As we emerge from the turbulence of the global pandemic, most of us are diving straight into a world of economic uncertainties, supply chain disruptions, retention wars, digital transformation, and ESG amongst others. This evolving landscape is also contributing to a disruption in the roles of business leaders. In fact, even before the pandemic, a 2017 McKinsey study had found that on average, five functions other than finance report to the CFO. This included not just functions such as risk, regulatory compliance, investor relations, or M&A transactions, but also in many instances, cybersecurity, IT, and digitization. Essentially, the role of a CFO has moved from Accounting to Accountability, with a clear expectation of driving and delivering ROI.
The CFO in me ponders over a few key themes that seem to be evolving as critical factors for the performance and success of a CFO’s role in the future.
Technology and Technology Adoption
CFOs play a vital role in driving technological innovation and the need for digital adoption is higher than ever before. Legacy systems need to make way for unified operations with digital business models, insight-driven analytics, and hyper-automation. However, one of the big hurdles in embracing this new role as a digitization leader is creating the right mindset for acceptance and adoption of new technologies amongst the employees. As CFOs and drivers of digital transformation, we ourselves need to become digitally-savvy, in order to make quick decisions, adapt to changing environments, and remain resilient in the face of business continuity challenges.
Converting Profits to Cashflows
There is no doubt that a company with a top-driven cash culture could solidify supplier relationships, improve underlying systems and mindsets, and strengthen its competitive position in the market. Until the demand and supply chain disturbances come under control, most of our businesses, even with reasonable cash reserves may be challenged in generating cash flows from the profits. Revisiting our supplier management processes and systems, payment terms, and procure-to-pay efficiencies, along with a consciously established cash culture through the people processes and governance structures will help us make the shift from cash preservation to a cash excellence scenario.
Business Partnering with the CEO and Business Heads
Today, CFOs need to step outside the finance silo and have a sense of how macro trends affect micro decisions. Our comprehensive understanding of where individuals fit within teams, where teams fit within the company, where the company fits within its industry, and where the industry fits within a national and global context will enable us to truly partner with our CEOs and business heads, and make us long-term value architects for the businesses we serve. Simply put, we need to consistently provide informed insights upfront into the business decisions, in place of reports and analysis at the end of the process.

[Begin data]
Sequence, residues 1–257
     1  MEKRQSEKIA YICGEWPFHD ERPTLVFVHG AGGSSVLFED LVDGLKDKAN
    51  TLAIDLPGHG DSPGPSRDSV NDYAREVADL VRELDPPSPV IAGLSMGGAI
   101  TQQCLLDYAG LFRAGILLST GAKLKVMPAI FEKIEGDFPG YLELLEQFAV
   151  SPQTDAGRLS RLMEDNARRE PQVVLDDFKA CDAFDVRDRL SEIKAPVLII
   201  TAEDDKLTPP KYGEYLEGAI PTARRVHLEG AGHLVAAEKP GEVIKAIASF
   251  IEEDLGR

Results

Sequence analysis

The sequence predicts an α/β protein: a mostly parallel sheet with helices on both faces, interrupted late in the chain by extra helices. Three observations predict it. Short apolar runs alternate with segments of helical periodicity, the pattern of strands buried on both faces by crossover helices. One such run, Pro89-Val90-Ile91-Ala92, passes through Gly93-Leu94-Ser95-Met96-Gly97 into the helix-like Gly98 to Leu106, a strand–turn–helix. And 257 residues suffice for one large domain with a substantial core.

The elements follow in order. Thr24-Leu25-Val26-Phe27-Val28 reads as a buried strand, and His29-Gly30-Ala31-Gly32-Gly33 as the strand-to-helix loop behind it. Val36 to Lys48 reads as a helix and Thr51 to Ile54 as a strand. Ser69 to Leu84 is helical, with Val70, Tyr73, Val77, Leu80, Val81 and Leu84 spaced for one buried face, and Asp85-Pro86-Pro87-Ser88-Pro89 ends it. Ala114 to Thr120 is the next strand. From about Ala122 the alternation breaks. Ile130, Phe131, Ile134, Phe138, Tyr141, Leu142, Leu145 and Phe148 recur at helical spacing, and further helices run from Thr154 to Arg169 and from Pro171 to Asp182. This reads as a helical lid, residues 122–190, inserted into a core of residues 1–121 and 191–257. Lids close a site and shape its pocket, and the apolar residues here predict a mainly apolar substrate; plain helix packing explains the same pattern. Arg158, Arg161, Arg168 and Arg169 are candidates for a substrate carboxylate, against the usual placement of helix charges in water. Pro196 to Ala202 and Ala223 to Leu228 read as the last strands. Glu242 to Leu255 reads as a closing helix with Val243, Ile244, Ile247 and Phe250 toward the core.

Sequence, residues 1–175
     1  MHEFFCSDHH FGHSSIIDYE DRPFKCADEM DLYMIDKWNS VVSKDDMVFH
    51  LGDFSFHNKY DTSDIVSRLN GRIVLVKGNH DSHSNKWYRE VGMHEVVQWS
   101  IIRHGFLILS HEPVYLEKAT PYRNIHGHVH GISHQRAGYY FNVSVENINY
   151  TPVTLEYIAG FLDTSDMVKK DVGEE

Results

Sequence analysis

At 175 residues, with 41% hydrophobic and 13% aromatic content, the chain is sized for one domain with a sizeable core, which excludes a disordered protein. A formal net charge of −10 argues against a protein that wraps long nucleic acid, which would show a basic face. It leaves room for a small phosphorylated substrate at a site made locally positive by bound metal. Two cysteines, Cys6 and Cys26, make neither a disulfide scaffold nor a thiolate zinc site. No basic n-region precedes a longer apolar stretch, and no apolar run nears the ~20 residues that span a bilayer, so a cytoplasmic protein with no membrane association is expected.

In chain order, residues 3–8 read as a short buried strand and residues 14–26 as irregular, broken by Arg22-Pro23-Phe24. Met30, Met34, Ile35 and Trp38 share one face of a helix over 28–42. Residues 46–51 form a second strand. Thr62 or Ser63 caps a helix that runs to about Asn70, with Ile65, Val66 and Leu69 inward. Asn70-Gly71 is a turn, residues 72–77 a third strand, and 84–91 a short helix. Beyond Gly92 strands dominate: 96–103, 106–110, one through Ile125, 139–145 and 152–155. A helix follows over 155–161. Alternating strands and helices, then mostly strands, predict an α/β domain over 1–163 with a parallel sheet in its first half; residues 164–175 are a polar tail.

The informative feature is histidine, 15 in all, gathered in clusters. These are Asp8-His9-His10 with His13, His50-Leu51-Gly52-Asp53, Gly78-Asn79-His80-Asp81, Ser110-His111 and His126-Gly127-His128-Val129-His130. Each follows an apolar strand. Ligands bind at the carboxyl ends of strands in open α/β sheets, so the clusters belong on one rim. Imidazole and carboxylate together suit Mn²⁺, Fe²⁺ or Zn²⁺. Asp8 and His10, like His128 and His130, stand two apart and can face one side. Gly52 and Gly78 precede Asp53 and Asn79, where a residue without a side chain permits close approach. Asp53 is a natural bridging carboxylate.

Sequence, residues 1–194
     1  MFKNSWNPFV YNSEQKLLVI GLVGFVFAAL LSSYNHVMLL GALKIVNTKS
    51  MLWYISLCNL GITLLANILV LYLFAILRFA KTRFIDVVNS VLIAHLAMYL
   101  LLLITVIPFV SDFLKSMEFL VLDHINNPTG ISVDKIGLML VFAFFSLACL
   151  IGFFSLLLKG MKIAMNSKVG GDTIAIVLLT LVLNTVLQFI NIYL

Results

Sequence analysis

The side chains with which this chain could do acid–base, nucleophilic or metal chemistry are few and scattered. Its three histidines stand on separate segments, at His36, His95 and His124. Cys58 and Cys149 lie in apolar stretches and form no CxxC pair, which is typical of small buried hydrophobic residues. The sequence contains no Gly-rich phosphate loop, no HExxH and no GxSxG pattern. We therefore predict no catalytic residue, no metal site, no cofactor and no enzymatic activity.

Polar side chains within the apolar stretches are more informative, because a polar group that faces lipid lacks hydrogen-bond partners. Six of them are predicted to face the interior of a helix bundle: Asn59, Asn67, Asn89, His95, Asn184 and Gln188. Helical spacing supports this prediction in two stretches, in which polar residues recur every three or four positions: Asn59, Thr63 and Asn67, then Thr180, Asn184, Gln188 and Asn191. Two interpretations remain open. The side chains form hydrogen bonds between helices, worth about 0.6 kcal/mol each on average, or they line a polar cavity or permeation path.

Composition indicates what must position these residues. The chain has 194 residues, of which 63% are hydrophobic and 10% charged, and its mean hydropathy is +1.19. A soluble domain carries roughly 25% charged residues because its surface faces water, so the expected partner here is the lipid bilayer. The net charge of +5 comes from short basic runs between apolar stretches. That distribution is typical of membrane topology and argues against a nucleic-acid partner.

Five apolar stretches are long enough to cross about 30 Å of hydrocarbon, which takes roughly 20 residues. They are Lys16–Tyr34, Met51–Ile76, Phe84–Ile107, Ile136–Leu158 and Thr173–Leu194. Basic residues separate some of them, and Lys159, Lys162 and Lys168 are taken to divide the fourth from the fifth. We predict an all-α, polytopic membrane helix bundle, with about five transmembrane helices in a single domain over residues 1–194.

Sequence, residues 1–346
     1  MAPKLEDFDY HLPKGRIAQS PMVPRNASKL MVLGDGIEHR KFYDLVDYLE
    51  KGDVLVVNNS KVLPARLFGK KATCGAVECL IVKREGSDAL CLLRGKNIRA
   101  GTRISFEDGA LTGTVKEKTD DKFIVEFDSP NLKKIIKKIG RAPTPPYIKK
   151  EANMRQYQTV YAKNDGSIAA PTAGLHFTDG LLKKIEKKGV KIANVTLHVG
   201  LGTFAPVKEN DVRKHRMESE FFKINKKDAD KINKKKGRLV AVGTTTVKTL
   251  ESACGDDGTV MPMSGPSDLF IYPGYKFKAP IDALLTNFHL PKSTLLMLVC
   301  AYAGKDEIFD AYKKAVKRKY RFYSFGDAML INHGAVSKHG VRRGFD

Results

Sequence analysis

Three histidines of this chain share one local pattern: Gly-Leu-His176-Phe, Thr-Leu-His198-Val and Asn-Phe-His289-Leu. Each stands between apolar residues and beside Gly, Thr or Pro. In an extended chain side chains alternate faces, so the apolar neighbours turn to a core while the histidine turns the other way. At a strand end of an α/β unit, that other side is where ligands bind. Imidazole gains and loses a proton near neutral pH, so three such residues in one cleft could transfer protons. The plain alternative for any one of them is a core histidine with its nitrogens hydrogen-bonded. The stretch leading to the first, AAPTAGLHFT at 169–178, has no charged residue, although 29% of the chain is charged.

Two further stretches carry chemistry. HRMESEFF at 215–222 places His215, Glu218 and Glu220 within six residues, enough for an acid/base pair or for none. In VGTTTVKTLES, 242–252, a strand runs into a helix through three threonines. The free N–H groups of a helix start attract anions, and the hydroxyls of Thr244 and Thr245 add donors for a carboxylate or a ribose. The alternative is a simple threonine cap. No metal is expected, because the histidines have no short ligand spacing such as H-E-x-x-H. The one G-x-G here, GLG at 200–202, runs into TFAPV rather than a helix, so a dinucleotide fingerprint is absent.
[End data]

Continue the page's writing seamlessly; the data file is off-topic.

With the ever-expanding global regulations and ever-increasing stakeholder expectations, most of our businesses are facing a greater extent of compliance risk than ever before. Mandates around data privacy, data security, and financial reporting continue to be tightened across industries. This is where I see the use of advanced analytical techniques, such as forensic analytics, audit and recovery analytics, cash flow forecasting, working capital analytics, and journal entry analytics becoming imperative aids for ensuring a high level of regulatory compliance.
Governance and Board Management
From excessive executive compensation and increased cybersecurity risks to insufficient ESG oversight/disclosures and complex digital transformations, CFOs are seeing many challenges in corporate governance and board management. Relying on modern technology and embracing advanced analytical capabilities could help with better governance and management of stakeholder expectations.
Amidst the Great Resignation, significant talent shortages, and fierce war for quality talent, investing in upskilling talent, raising wages, and increasing rewards and benefits may be imperative. As CFOs, we may face the complex task of prioritizing and balancing the spending on the above areas, as well as on technology that fills the talent gaps and enables a remote-first/hybrid work environment.
There is an urgent need to consolidate our business positions, prepare well for the changes ahead, tell a compelling story, and support it with strong data points. The CFOs who can put this story in the hands of the right people at the right time, even before they know they needed it, will be the ones that will stand out amongst the rest.
Besides the complex cyber risks, evolving regulatory mandates, and digitization and talent challenges, the possibility of future pandemics and related shutdowns will continue to pose challenges for CFOs around the world. Improving our impact and strategic value to our organizations would need us to refocus on our agendas with a fresh lens, be proactive in business impacts, and rely on advanced analytics tools to build an agile, resilient and digital-enabled, future-ready organization.